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According to reliable reports by several well-pleased of his audience, a Christian Reformed minister in Grand Rapids recently preached a sermon on Genesis 14:13 in which he emphasized that the Christian must not separate himself from the world, and that it is proper for him to become member of the worldly unions.

The text reads as follows: “And there came one that had escaped, and told Abram the Hebrew; for he dwelt in the plain of Manure the Amorite, a brother of Eschol, and brother of Aner: and these were confederates with Abram.” It is usually explained that these confederates took part with Abram in the pursuit of and battle against the kings that had invaded the land of Canaan, and in the rescuing of Lot and the people of Coelom.

It is net impossible that the preacher had read Dr. Kuyper’s “De Gemeene Gratie,” for in this work of the Dutch theologian one may find a paragraph in this passage of Scripture which attempts to prove that Abram and Sarah did not live in the land of Canaan “as two lonely vagabonds, without any contact with the surrounding tribes” (I:325). It must be considered very questionable, however, whether even Dr. Kuyper would have agreed with the application made to membership in the worldly unions by the preacher referred to above. In fact, in view of the separate action in various departments of life and the necessity for separate organization emphasized by this Dutch author and leader, we may well draw the conclusion that he would have condemned such application wholeheartedly.

But however this may be, the application is certainly deceptive, and the interpretation of Scripture on which it is supposed to be based is erroneous. It is deceptive, because it tends to make the people of God join the worldly unions with a clear conscience and with an appeal to the Word of God. It even presents such action on the part of the Christian as being in accord with the will of God. It is he that refuses to join that acts contrary to the divine will and to the revealed Word of God. But the interpretation of the text that is implied here is certainly erroneous. Let us note, in the first place, that it proceeds from the supposition that Mamre, Eschol, and Aner were ungodly men. This is a thing that is frequently taken for granted. Abram was the only regenerate, God-fearing man in the land of Canaan at that time, all the rest were reprobate and wicked. However, that this supposition cannot be maintained is evident from tire presence of a man like Melchisedec, king of Salem and priest of the Hose High God. Why may there not have been (in fact, there must have been) other God-fearing people in a land that counted among its inhabitants a king that was priest of God? At us note, secondly, that we read that the three Canaanites were “confederates” with Abraham, which is something quite different from membership in the union. Abram entered into an alliance with his neighbors as the head and chief of a not inconsiderable, army (for those days) of three hundred and eighteen men, for the defense of the country against the invading kings. But when one becomes member of the union he joins an existing body on its own basis, and promises to abide by and to act according to its rules and principles. He does not form a confederacy but takes upon himself a yoke, and that yoke is the yoke of unbelievers. How true this is, may be inferred from the fact that a Christian does not join a union freely, but by compulsion, i.e., because the union closes the shop to him if he does not become member. Let us note, in the third place, that the confederacy was, evidently, Abram’s confederacy. In the whole history of the pursuit of the kings that had captured Lot, Abram is the chief figure, and he takes the initiative. It is to him that God gives the victory, and he dispenses with the booty. Let us not forget that the land of Canaan was Abram’s land by promise. He defends his oven country, and expels the wicked from the inheritance of God. In this action the three neighbors were Abram’s allies, confederates. But if one joins the union he allies himself with the world; the world does not join his cause, but he joins the cause of the world. The two cases are exact opposites!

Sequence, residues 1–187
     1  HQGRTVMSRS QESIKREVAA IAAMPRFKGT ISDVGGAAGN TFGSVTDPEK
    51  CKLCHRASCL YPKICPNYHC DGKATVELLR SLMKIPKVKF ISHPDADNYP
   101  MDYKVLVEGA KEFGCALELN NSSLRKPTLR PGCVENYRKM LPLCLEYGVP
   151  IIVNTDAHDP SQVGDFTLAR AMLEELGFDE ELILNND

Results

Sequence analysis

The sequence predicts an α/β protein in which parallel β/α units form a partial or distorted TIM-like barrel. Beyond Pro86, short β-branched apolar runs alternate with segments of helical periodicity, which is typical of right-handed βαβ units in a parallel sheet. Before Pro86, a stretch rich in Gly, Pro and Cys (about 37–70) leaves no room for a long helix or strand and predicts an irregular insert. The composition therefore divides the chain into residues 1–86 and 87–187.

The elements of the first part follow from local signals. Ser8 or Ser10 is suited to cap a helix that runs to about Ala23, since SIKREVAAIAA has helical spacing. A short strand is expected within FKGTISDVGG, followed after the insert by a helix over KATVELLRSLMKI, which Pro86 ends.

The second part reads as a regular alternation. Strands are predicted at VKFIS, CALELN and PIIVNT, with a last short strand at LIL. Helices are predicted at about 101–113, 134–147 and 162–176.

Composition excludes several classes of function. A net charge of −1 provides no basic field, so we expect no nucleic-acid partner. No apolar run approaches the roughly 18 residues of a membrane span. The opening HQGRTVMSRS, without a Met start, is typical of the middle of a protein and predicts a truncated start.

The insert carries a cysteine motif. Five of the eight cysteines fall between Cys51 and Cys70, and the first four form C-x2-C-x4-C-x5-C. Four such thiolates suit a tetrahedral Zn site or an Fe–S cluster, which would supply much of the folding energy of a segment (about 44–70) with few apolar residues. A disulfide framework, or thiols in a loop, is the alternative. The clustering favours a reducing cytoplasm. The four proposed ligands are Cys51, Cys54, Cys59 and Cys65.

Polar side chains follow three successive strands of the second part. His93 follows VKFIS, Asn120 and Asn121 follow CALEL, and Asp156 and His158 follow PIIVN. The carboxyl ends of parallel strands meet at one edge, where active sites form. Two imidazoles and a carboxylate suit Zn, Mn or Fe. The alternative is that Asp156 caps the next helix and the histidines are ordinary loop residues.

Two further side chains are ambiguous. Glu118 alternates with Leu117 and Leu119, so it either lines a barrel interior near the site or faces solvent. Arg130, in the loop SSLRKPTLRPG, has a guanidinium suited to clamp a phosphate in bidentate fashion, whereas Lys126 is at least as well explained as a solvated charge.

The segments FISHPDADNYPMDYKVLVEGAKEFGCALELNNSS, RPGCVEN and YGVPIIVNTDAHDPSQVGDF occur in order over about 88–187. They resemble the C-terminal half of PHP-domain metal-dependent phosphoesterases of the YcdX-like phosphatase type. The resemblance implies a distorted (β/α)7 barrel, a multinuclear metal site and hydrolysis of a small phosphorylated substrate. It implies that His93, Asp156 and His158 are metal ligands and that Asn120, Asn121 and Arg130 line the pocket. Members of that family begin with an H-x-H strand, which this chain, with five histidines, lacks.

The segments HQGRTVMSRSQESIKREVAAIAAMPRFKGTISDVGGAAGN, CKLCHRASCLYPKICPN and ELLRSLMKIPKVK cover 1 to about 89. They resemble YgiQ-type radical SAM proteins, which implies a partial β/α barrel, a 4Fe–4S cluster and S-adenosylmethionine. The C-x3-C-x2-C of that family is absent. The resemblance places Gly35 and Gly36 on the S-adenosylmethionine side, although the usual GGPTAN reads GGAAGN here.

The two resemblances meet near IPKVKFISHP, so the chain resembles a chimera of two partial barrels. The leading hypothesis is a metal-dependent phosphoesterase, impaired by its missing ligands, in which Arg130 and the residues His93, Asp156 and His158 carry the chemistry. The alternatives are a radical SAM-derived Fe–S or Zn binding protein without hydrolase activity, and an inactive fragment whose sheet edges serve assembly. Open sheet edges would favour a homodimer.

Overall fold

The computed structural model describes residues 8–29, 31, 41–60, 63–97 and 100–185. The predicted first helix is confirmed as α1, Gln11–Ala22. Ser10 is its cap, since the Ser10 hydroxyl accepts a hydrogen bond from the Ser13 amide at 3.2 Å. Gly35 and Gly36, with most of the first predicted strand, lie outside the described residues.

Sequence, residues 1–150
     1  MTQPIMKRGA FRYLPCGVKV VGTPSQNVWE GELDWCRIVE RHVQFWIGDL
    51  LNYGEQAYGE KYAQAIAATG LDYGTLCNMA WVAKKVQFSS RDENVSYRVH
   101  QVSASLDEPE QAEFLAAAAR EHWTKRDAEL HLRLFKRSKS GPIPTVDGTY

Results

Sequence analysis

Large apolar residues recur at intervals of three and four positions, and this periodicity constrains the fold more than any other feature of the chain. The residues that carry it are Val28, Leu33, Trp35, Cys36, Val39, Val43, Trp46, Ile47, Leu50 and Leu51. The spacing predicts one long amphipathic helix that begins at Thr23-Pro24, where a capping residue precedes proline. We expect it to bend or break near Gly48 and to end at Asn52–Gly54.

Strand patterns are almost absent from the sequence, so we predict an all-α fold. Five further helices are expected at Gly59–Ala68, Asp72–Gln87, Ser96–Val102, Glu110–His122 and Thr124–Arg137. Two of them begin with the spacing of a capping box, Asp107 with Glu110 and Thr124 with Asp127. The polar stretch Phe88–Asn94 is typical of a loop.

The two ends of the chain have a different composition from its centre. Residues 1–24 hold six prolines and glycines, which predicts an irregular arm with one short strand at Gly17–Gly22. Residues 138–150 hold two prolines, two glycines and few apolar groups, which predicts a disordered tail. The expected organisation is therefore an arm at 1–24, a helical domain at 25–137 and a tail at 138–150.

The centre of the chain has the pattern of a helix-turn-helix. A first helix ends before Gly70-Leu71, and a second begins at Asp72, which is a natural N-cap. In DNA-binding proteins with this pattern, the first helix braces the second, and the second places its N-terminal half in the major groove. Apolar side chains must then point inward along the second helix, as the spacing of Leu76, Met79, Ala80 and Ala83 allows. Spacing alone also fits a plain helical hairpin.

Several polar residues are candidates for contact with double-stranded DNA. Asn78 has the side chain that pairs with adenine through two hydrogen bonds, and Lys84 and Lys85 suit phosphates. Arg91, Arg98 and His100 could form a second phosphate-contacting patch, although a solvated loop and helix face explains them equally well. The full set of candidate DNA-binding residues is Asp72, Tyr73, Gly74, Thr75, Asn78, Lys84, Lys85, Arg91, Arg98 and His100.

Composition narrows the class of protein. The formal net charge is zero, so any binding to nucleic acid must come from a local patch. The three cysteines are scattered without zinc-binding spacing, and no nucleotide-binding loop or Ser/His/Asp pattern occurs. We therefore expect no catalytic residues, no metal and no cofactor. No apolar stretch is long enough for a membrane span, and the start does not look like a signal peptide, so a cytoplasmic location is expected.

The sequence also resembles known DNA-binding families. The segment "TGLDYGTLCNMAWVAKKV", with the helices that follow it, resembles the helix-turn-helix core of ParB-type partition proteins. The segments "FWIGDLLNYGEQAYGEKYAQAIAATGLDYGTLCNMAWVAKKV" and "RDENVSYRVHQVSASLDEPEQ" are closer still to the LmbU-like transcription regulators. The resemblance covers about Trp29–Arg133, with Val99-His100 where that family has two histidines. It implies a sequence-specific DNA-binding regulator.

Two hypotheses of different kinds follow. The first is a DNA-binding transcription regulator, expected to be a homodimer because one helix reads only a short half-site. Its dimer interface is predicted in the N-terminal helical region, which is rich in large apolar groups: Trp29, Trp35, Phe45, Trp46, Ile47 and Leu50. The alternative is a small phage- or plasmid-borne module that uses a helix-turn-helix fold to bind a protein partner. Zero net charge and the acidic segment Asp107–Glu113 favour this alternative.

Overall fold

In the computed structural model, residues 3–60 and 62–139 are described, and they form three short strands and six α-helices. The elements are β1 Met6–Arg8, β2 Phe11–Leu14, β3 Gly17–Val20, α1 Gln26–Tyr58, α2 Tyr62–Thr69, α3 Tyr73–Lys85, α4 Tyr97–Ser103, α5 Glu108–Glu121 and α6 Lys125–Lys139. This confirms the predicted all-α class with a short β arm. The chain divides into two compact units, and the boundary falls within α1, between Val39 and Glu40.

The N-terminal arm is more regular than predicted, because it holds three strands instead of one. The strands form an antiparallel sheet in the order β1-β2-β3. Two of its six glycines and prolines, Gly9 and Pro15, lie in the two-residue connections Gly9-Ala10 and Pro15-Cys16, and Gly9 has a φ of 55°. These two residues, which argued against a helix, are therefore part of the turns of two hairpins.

If the preacher who made use of this text to defend membership in the worldly unions had at all understood the Word of God, he would have preached a different sermon.

As it stands, he abused the Word of God to mislead the flock, and to plunge the Church headlong into the world!